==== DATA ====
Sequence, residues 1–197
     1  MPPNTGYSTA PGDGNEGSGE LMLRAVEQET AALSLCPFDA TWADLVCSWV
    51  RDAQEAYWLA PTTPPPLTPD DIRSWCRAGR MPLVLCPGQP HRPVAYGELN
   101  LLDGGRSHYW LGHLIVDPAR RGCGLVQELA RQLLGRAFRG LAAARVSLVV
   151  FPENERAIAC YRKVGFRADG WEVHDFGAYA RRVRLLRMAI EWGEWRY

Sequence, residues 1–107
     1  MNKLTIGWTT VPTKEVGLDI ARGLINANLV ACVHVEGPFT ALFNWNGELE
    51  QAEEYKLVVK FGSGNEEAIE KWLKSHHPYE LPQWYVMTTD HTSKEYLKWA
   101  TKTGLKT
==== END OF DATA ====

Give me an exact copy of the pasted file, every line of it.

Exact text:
Sequence, residues 1–197
     1  MPPNTGYSTA PGDGNEGSGE LMLRAVEQET AALSLCPFDA TWADLVCSWV
    51  RDAQEAYWLA PTTPPPLTPD DIRSWCRAGR MPLVLCPGQP HRPVAYGELN
   101  LLDGGRSHYW LGHLIVDPAR RGCGLVQELA RQLLGRAFRG LAAARVSLVV
   151  FPENERAIAC YRKVGFRADG WEVHDFGAYA RRVRLLRMAI EWGEWRY

Sequence, residues 1–107
     1  MNKLTIGWTT VPTKEVGLDI ARGLINANLV ACVHVEGPFT ALFNWNGELE
    51  QAEEYKLVVK FGSGNEEAIE KWLKSHHPYE LPQWYVMTTD HTSKEYLKWA
   101  TKTGLKT